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Eclipse Workers Back On The Job, Receive Paychecks

Employees for Eclipse Aviation have returned to work and are getting their paychecks, after being told last week that the company could not make payroll.

ALBUQUERQUE, N.M. (AP) -- Eclipse Aviation Corp. employees have returned to work, but the company's troubles are not over as three more customers filed lawsuits seeking refunds from the troubled Albuquerque aircraft manufacturer.

"We are back at work and people are getting their paychecks," Eclipse spokeswoman Alana McCarraher wrote in an e-mail Monday.

Employees were seen leaving Eclipse facilities carrying boxes of personal belongings midday Thursday after being told by managers that the company could not make payroll.

A day later, Eclipse said employees should return to work Monday and their paychecks would be deposited by Tuesday.

There was no word Monday on whether Eclipse had been able to obtain the long-term financing it needs to remain solvent. Company officials have repeatedly declined to address the issue.

The company has said it needs $200 million to $300 million, according to aerospace industry analysts' reports.

Three more companies have filed lawsuits in federal court, seeking refunds from Eclipse for the Eclipse 500 light jets they ordered.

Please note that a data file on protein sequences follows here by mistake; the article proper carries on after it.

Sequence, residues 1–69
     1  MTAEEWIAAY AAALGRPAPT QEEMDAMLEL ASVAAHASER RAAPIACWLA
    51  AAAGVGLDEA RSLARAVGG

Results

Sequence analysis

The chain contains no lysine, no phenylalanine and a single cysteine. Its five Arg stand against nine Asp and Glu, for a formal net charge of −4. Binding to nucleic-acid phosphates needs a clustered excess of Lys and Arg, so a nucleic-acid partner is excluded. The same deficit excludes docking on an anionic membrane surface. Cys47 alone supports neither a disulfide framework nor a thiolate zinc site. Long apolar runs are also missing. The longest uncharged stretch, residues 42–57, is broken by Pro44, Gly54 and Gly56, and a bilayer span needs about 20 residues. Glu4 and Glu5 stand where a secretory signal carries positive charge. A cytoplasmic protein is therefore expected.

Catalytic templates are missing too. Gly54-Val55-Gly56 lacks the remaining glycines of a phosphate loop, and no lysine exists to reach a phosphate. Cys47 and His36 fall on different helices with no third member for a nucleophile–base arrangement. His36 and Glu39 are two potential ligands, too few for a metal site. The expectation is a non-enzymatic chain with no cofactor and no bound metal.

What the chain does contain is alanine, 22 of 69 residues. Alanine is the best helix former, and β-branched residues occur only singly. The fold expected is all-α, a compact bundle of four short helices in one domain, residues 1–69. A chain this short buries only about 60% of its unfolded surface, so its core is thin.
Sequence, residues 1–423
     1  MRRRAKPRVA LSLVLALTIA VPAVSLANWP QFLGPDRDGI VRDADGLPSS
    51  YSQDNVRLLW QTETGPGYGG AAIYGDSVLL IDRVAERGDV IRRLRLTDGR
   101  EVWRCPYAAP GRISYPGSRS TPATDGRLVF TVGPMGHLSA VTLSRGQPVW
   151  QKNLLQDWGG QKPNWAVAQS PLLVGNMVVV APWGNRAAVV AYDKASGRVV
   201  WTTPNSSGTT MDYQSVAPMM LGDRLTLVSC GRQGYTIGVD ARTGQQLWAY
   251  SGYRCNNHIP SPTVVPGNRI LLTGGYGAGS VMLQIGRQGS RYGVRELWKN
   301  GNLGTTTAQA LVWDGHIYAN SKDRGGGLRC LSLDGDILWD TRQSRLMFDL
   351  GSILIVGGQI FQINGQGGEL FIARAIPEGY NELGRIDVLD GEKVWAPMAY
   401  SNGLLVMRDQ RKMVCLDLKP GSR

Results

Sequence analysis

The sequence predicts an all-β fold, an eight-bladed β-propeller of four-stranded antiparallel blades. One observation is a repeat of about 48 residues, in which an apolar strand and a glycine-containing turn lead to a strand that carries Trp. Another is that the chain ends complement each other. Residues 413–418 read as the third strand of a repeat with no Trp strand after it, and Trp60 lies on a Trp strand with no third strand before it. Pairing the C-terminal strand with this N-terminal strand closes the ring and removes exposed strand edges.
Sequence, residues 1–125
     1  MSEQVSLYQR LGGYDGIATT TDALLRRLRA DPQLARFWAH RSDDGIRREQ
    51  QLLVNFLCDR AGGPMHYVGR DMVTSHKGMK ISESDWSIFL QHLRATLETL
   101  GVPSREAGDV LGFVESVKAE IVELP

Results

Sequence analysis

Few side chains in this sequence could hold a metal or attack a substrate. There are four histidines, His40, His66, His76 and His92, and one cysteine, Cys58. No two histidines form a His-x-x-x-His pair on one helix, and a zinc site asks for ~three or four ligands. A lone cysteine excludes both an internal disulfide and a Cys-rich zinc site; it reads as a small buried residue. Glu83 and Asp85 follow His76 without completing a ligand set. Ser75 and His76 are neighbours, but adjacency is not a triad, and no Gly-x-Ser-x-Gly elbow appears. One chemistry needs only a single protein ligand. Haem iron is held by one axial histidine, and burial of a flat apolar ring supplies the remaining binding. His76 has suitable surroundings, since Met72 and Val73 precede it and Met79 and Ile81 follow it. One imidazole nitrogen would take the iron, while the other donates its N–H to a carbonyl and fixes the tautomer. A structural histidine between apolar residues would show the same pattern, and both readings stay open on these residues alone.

The latest lawsuits filed Friday bring the number filed against Eclipse to 10. Overall, the plaintiffs -- eight companies and two men -- are seeking more than $7 million from the company.

Most of the customers' complaints stem from a price increase of the Eclipse 500 jet from about $1.5 million to $2.15 million in June. The plaintiffs want refunds for the jets they ordered and claim Eclipse has refused to pay them what they are owed, court records show.

AR Airways, based in New Delhi, India, said Eclipse failed to deliver an Eclipse 500 it had said would arrive in July and the firm believes Eclipse will fail to deliver two jets it has promised will arrive in the fourth quarter of this year, according to court records.

The company also is seeking refunds for eight aircraft Eclipse promised it would send in 2009.

Another company, Salt Lake City-based Utah Desert Investments, Inc. said Eclipse offered customers whose jets were to arrive in 2009 a chance to have them delivered earlier.

Court records show Eclipse offered in June to sell Utah Desert Investments jets that had been ordered by DayJet Corp.

DayJet, a Florida-based air taxi operator and Eclipse's largest single customer, announced in September it was ceasing passenger services and laid off most of its employees.

Utah Desert Investments said in the lawsuit that an Eclipse attorney told the company the three jets it had ordered would not be delivered in 2008 and that a revised schedule was supposed to have been sent to the company.

McCarraher declined comment on the lawsuits.

In responses to lawsuits filed in September and October, Eclipse has denied it acted fraudulently or in bad faith.

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